It wasn’t really surprising that the recently completed visit by President Bush produced little but condemnation in the Iranian press. With a central goal of Bush’s visit to isolate Iran in the region, one could hardly expect them to give it favorable reviews.
One Iranian media outlet, Mehr, took its rhetoric a step further. In an article published on January 17, this news agency, reflecting the views of the Iranian right wing, stated that the main goal of the US President’s visit was no less than bringing “fire, blood and insecurity to the region.”
Another frequently cited reason, provided for Bush’s visit by the Iranian press, was the presumed concern in the United States regarding Ahmadinejad’s sudden popularity in the region, thanks to the infamous NIE report. This assessment is not utterly inaccurate. The White House indeed had cause for concern, since within two weeks from the release of the NIE report, Ahmadinejad was invited to perform Hajj in Saudi Arabia,and to attend the Gulf Cooperation Council summit (GCC) in Doha, Qatar. Such honors have never been not bestowed to any other Iranian president.
Not that Bush wasn’t also greeted honorably in the Gulf states. But despite the warm welcome and the glitzy gifts, such as the gigantic necklace made of gold, rubies, diamonds, emeralds given to him by the rulers of the United Arab Emirates, and a $20 billion weapons deal between US and Saudi Arabia, Persian Gulf countries were still reluctant to isolate Iran. And they weren’t afraid to say it to America’s face.
On the very day when President Bush was visiting the UAE, the pro-government Khaleej Times, while voicing concern about Iran’s nuclear program in its editorial, also reiterated the strong historic and economic ties between Iran and the Emirates. This was a polite UAE way of saying “thanks for the warning, but we will handle Iran our own way.” And soon after the departure of President Bush from the Persian Gulf countries, Al Jazeera gave Ahmadinejad a platform to defend himself and plead his case in a live interview.
The press of other countries visited by the President, including Kuwait, Saudia Arabia and Egypt, reflected more concern and frustration about lack of progress in peace talks between Israel and Palestinians, than worries about Iran’s nuclear program or any other dangerous ambitions. This despite the recent incident in the Persian Gulf, where Iranian boats were seen harassing the US Navy.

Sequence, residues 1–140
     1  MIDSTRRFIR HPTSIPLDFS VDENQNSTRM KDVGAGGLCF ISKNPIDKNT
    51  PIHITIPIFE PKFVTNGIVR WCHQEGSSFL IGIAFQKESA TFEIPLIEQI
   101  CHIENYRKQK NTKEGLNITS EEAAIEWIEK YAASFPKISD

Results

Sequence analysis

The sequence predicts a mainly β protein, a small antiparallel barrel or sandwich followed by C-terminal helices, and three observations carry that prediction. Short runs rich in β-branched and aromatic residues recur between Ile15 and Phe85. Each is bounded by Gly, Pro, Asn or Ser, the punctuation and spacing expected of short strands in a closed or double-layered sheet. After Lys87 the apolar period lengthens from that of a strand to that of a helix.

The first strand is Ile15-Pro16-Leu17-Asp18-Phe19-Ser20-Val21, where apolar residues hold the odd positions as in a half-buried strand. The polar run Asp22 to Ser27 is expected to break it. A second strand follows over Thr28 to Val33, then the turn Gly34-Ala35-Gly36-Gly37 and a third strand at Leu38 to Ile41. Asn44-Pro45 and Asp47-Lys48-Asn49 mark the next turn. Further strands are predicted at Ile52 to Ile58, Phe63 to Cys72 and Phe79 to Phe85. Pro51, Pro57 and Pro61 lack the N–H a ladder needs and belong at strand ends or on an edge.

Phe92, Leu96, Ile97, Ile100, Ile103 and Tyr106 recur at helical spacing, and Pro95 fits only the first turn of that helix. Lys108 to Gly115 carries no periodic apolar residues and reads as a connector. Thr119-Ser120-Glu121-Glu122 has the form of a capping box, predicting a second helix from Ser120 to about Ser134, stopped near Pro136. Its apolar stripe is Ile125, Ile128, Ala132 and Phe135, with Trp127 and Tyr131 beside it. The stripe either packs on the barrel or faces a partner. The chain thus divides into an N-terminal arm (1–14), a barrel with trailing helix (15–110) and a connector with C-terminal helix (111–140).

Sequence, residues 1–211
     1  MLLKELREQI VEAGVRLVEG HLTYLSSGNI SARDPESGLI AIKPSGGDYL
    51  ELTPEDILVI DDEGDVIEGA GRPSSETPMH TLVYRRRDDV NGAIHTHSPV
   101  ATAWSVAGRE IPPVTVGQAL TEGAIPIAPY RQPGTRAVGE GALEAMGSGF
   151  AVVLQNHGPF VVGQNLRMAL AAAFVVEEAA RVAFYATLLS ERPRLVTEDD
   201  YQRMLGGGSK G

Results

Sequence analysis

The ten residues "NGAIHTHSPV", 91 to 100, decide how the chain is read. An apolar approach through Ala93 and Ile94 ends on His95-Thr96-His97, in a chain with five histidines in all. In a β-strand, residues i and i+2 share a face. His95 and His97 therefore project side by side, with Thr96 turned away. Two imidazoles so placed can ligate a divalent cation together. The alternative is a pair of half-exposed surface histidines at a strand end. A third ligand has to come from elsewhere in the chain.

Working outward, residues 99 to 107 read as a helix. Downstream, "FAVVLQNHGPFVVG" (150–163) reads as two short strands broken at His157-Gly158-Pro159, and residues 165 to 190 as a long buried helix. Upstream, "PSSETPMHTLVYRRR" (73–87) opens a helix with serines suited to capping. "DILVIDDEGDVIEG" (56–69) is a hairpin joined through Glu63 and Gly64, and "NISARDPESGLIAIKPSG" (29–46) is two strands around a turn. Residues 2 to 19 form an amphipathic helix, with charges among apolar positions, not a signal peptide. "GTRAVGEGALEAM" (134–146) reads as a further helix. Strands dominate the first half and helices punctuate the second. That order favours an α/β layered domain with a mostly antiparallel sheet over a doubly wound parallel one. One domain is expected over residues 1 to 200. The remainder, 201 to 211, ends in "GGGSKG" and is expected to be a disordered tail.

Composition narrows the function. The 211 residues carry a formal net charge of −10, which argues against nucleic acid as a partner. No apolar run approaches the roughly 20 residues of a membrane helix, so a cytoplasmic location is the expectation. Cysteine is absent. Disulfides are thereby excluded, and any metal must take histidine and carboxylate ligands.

In short, the Bush visit did little to counter the reluctance of Iran’s neighbours to confront Tehran in the aftermath of the NIE report. Their argument stands: when the multi billion dollar US intelligence machine does not view Iran’s nuclear program as a danger, then who are Iran’s Arab neighbors to argue? Why should they risk their security, and billions of dollars worth of business by following President Bush’s advice to isolate Iran, when the President’s own intelligence organizations are reluctant to back him?
Thus, in terms of achieveing results on the grounds, the President’s visit was not very successful. Unlike Washington, the majority of countries in the Middle East view the Israeli- Palestinian conflict, not Iran as their number one priority. In that vein, it didn’t help that it was widely reported internationally that the President’s visit included a green light to Israel to invade Gaza.
The United States has completely legitimate reasons to be worried about Iran’s hostile posturing.
But strategically, it could do well by learning from some of Iran’s application of “soft power” in the region. This term was originally coined Joseph Nye, in his 1990 book “Bound to Lead: The Changing Nature of American Power”. Whereas Hard Power is about the use of sticks such as sanctions and military means, soft power is about using carrots, such as economic assistance.
The Iranian government has exploited this in places such as Iraq, Lebanon and Gaza. It success is due to its successful application of soft power, such as charity organizations, as well as social services networks such as schools and hospitals. This is how it has managed to recruit local soldiers to fight its wars.
The Bush administration has demonstrated an over-reliance on hard power to fight its enemies, in places such as Iraq and Afghanistan. What seems lost on US decision-makers, is that, just as economic concerns are the number one issue for the US voter in the upcoming presidential elections, the same can hold true for people of the Middle East.
Military means are necessary to fight terrorists from such places. But what if an equivalent amount of effort were applied to remedy the economic problems faced by the locals? If this were done, the ability of the United States to influence local politics in the region could be significantly more successful.
Despite all the glitz and warm words of admiration and friendship from the leaders of the region, President Bush and his successor in November 2008 would do well to adjust their strategy when dealing with the region.
Perhaps – on top of $20 billion weapons deals – more economic and job-creating ventures could also be signed.
Increased economic development and relationship between the US and the Middle East would not only bolster the US image in the region, it would also be a major blow to its enemies who want to see it driven out from the Middle East for good.
Meir Javedanfar is the co-author with Yossi Melman of “The Nuclear Sphinx of Tehran – Mahmoud Ahmadinejad and the State of Iran.” He runs Middle East Economic and Political Analysis (Meepas)